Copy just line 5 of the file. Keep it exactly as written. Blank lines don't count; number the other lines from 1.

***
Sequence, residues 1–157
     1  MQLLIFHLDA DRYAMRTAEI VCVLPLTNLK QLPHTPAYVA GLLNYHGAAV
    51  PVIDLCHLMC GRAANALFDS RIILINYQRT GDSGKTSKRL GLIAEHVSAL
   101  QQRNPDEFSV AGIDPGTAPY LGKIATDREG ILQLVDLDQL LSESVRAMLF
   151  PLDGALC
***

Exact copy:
   151  PLDGALC